Russian hockey stars ‘found it difficult to breathe’ in masks during Olympic fiasco
Players from the Russian Olympic Committee (ROC) women’s ice hockey team have spoken about the unusual events which saw them don medical masks for their match with Canada in Beijing on Monday.
Stars from both teams took to the ice for the group-stage encounter at the Wukesong Sports Center wearing face coverings in an apparent compromise so that the game could go ahead.
The match had already been delayed by around one hour as the Canadian team reportedly refused to take to the ice without confirmation of the Covid test results taken by their rivals earlier in the day.
Both teams had been tested in line with new International Ice Hockey Federation (IIHF) rules, but there were delays with the results being returned.
Players, officials and staff all started the match in medical masks, although the ROC team removed theirs after finally receiving negative test results before the third period began.
The Canadian team opted to keep their masks on throughout the match, which they won 6-1.
After the bizarre scenes, players, officials and organizers reacted to the incident.
“Perhaps playing in masks threatened the health of athletes: both ours and the Canadians’,” said Russian goaltender Maria Sorokina, according to Championat.
“But the decision was made, we were ready to play under any conditions. We took the [Covid] tests as expected, it was nothing special.
“We came today to play, we warmed up. The Canadians were not wearing masks. Then suddenly we came out for the match, but they didn’t.
“We didn't even know about their decision. It wasn’t until we were out on the ice that something was wrong.
“We’re athletes. Whatever they tell us, we’ll do. We were asked to wear masks, and we agreed so as not to embarrass anyone.
“For the third period, we were allowed to play without masks thanks to the negative tests which came during the game.
“Breathing in masks is difficult. If it’s hard to breathe when you just walk in it, then you can imagine what it’s like to play in them when you want more air, but it’s not enough,” Sorokina added.
“It’s also inconvenient that the mask fits over the eyes. But these are an unusual Olympics, with events like this it will go down in history.”
ROC teammate Polina Bolgareva also commented on the difficulty of wearing masks during the match.
“It is very difficult to play in masks, dizziness begins. But both teams were in the same conditions,” said the 23-year-old, according to the Match TV Telegram channel.
“Masks in China are denser than ours – oxygen is not supplied at all. But we are all on an equal footing. Unfortunately, there was nothing we could do. The match was important for us, we had to play.”
Fellow ROC star Anna Shibanova said the Canadians had been within their rights to wait to begin the match.
“Most likely, the Canadians were right, because our PCR tests were not available, so they asked to play in masks. Well, we began to play in masks until the tests came,” Shibanova said.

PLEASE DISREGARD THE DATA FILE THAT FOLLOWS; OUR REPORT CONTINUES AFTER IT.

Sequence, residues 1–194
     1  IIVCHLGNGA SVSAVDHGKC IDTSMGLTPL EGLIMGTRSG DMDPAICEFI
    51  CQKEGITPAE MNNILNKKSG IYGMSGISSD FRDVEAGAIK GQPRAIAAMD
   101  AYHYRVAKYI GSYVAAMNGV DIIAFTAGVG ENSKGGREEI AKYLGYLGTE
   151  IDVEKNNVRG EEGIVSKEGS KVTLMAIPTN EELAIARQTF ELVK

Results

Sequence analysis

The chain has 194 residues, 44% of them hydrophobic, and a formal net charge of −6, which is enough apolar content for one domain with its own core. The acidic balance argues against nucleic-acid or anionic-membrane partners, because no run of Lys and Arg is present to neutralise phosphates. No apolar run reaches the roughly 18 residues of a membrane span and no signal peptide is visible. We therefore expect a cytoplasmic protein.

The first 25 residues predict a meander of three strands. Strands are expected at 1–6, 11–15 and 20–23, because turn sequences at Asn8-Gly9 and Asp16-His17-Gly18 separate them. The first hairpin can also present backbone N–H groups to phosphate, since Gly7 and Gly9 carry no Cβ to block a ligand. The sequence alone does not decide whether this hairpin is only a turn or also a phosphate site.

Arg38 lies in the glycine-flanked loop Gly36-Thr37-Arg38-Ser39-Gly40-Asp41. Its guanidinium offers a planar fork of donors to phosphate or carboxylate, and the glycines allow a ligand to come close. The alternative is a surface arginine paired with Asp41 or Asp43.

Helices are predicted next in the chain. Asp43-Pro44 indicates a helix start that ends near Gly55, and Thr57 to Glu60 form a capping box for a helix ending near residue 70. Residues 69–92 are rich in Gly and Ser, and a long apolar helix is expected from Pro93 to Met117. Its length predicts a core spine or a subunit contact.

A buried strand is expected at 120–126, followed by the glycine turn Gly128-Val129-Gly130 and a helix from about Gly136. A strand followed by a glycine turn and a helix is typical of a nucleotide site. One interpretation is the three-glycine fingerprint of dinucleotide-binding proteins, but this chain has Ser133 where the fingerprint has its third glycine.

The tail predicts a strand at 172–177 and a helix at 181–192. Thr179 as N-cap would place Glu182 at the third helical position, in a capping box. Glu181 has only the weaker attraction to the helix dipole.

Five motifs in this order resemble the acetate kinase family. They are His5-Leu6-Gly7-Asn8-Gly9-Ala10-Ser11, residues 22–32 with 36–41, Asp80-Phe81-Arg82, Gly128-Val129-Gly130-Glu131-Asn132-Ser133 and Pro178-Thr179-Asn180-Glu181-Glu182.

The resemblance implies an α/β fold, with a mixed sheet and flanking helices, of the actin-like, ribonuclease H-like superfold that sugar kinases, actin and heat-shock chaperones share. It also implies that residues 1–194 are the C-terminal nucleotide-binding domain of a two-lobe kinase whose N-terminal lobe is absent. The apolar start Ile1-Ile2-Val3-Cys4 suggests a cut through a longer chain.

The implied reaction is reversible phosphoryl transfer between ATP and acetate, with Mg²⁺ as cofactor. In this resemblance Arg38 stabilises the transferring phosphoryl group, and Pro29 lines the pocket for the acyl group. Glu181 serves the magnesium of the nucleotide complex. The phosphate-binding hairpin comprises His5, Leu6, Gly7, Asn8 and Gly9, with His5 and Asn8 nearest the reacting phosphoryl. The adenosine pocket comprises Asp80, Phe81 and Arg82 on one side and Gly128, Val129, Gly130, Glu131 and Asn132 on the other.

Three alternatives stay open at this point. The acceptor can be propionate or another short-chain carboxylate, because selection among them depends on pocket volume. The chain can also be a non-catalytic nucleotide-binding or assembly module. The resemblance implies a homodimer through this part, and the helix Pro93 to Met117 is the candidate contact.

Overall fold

“No one was going to talk about the cancelation of the match or a technical defeat. Everyone tried to resolve the issue so that we would come out to play. We were asked to wait – we waited.”
ROC head coach Evgeny Bobariko reiterated that the team had been ready to play whatever the circumstances.
“We wouldn’t refuse the match in any case. Masked or not, whatever,” he was quoted as saying by the ROC Telegram account.
“We didn't even think about protests. We were just waiting for the decision when we should start the game.
“The test results came before the third period, and we were told that you can play without masks. We took off our masks because it is very difficult to play them. Breathing is very difficult.
“Why the Canadians did not do this is a question for them. They have enough players, they were in the lead and, perhaps, they wanted to eliminate the risk of infection in this way.”
Canadian defender Erin Ambrose was quoted as saying that their team doctor had assured them before the match that it was fine to play in masks.
The Canadian team had reportedly prepared for this year’s Games by training with masks on in their pre-Olympic bubble.
Ahead of the match, an IIHF statement had simply said that the decision to play in masks had been taken “out of caution and concern for the health and safety of the players.”
IIHF president Luc Tardif added that they would work closely with local organizers and health authorities to ensure that the situation wasn’t repeated.
Adding to the drama, it was later confirmed that three Russian players – none of whom featured against Canada – had returned positive tests for Covid-19.
Canadian forward Emily Clark took part in the pre-game warmup but was removed from the line-up by coach Troy Ryan and the medical team, reportedly because of a dubious Covid test result.
Along with defending champions Americans – who they face on Tuesday – the Canadian team are among the hot favorites for gold in Beijing.
The ROC team is seen as being among a crop of squads who could challenge for bronze. Their time in Beijing has already been severely disrupted by Covid, with six players testing positive ahead of their opening match against Switzerland last week.
The ROC team still won that match 5-2 but suffered defeat against the USA at the weekend. The Russians next play Finland at the National Indoor Stadium in Beijing on Tuesday.
All five teams from Group A will qualify for the quarterfinals due to their world rankings, and will be joined by three nations from Group B.